Bluetooth Tracking – Part 2

We’ve now ceased our Bluetooth tracking experiments. In just under two years we spotted over 3 million devices (not unique) using a busy A-Road near our old premises.

The scripts we used are in the attached Zip file. They all run under Ubuntu Linux. You may look at them and think you can do the same program in less lines, you probably can. This is the first time I’ve programmed anything in nearly 20 years…

To run them under Ubuntu, you need to unpack them in your Home folder. Chmod them to make them executeable (Google it). Basically open a Terminal, type ‘sudo su‘ at the $ prompt and enter your password to become root, then type ‘chmod +x‘ at the # prompt. Then run the file by typing ‘./‘ (you don’t type the ‘quotes’)

Download our scripts here. Some scripts are complete, some aren’t. They’re free for you to play with, but I don’t have time to offer you support, sorry. – scans for bluetooth devices, every 10.5 seconds, in a fixed loop – starts a new file at midnight. Each file has unique day,month,year in filename. Detects up to 10 devices per scan, or 3400 per hour if you prefer. – this file takes each separate file from and concatenates them into one big file called allbtnames.txt. You can then search this file using other scripts supplied.

bt17oui.txt – complete list of manufacturers in CSV format, use with to lookup a manufacturer from their 00:11:22 prefix. – searches though bt17oui.txt to find a manufacturer from the first three pairs of the Bluetooth OUI. – searches through allbtnames.txt for a specific string. To find all TomToms search for 00:13:6C – takes .txt output files from Network Chemistry’s BlueScanner (for Windows) and dumps out the interesting stuff in the same format as our btlogger script. Takes ages to run through a bunch of files, but it does work. – this one extracts the OUI number and Device name from the top portion of a Network Chemistry Bluescanner datafile. Good for matching up unknown devices to OUIs.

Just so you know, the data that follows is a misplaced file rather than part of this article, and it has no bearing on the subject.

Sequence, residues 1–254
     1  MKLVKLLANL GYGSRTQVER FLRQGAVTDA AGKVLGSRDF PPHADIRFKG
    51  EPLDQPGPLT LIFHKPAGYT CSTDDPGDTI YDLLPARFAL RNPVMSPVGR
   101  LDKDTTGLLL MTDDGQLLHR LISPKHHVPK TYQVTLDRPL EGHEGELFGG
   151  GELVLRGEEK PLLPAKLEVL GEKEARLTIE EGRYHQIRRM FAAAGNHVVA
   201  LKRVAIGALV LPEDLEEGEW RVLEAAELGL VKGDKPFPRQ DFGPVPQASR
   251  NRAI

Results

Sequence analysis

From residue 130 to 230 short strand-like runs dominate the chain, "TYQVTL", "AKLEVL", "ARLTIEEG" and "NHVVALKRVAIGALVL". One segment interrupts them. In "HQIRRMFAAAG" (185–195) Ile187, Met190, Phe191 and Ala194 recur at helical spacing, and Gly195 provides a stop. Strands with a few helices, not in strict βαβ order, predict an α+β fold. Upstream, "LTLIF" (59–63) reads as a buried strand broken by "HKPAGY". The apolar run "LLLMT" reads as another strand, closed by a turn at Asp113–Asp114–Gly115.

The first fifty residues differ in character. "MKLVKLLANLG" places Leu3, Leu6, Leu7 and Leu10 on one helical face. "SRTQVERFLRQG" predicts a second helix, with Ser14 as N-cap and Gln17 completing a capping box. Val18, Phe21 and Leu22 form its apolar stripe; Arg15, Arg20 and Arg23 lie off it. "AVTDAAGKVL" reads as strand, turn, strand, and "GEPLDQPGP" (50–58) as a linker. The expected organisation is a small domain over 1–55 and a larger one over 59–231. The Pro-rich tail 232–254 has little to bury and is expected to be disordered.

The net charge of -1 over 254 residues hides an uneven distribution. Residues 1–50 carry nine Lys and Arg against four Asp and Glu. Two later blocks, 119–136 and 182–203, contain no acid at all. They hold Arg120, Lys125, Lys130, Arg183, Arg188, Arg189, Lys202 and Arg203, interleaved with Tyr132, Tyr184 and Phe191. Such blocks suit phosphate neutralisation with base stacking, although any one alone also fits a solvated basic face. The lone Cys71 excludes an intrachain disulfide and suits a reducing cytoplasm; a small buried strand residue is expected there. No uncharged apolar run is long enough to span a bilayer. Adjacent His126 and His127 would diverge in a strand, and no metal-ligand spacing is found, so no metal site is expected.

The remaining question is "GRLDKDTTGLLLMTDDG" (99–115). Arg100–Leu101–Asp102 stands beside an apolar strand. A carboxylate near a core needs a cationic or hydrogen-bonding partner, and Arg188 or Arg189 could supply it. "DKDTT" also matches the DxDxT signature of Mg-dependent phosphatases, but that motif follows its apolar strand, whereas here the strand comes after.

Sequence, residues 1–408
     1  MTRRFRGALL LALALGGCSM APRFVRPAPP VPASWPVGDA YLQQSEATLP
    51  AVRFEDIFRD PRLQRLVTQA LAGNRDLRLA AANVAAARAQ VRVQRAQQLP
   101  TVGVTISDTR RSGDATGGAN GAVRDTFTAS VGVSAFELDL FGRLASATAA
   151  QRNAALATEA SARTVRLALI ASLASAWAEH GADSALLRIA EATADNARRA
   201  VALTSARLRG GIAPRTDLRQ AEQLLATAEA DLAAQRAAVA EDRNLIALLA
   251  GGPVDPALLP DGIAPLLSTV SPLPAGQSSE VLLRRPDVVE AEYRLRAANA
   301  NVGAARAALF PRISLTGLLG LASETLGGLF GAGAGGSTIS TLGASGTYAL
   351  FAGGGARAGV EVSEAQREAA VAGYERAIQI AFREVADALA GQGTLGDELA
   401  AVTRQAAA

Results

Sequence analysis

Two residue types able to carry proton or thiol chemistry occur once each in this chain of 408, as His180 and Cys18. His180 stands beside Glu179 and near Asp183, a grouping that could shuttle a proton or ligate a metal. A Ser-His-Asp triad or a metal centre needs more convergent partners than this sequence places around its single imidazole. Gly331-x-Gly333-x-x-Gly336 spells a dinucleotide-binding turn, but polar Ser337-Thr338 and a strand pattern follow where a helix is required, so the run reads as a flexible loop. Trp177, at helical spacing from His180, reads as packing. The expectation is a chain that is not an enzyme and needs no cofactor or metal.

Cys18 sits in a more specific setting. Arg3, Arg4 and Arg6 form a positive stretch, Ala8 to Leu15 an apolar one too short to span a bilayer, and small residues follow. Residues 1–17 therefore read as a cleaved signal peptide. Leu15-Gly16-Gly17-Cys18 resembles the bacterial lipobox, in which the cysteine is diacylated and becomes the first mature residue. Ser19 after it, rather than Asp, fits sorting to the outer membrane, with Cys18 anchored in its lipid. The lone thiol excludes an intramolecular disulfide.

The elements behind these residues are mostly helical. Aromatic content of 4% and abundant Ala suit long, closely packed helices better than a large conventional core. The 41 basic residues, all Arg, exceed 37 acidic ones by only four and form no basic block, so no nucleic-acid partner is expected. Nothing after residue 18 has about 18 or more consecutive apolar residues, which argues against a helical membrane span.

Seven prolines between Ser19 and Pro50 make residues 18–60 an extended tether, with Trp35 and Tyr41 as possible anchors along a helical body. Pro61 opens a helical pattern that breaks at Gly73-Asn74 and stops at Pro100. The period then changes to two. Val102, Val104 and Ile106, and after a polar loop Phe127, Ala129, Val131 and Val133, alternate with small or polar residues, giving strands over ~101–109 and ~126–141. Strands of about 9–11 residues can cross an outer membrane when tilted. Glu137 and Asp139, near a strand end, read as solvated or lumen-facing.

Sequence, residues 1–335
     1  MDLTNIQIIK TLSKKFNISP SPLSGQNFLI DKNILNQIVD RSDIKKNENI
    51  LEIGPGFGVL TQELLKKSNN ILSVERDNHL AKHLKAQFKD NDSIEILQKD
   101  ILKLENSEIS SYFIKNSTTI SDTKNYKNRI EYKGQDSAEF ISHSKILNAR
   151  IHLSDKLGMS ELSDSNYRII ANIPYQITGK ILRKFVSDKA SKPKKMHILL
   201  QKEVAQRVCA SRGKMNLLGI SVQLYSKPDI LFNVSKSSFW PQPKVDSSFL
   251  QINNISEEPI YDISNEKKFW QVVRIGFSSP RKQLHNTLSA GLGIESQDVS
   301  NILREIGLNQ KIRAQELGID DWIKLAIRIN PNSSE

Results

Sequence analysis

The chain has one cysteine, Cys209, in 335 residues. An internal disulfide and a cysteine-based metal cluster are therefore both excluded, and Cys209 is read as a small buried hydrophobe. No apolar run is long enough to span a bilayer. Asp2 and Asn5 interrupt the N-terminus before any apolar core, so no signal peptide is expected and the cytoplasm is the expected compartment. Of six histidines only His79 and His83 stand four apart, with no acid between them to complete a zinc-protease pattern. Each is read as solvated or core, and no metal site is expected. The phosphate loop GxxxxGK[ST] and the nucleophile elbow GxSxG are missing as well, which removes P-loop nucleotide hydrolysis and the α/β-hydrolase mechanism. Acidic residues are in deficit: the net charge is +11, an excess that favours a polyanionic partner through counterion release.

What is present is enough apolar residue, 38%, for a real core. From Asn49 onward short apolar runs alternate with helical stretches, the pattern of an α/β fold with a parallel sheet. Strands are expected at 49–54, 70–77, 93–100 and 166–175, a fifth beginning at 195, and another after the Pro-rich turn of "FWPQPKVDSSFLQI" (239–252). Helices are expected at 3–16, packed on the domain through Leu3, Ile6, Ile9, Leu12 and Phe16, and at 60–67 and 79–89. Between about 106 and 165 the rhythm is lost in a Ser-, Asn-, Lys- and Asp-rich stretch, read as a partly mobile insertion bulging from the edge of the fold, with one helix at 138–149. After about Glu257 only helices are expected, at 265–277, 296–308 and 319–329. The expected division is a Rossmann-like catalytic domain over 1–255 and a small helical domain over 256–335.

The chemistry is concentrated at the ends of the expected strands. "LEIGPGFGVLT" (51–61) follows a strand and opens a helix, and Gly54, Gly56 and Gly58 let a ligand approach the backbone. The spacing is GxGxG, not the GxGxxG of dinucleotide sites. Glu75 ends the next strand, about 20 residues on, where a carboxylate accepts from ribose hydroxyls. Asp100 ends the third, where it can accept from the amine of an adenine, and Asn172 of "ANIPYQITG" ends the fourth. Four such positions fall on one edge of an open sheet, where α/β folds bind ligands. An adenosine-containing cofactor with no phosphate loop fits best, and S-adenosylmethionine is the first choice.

As promised, here’s a zip file containing our Bluetooth tracking script that’s GPS enabled, complete with instructions –

These scripts are (c) 2009. Free for you to play with, but please don’t think of reselling them.

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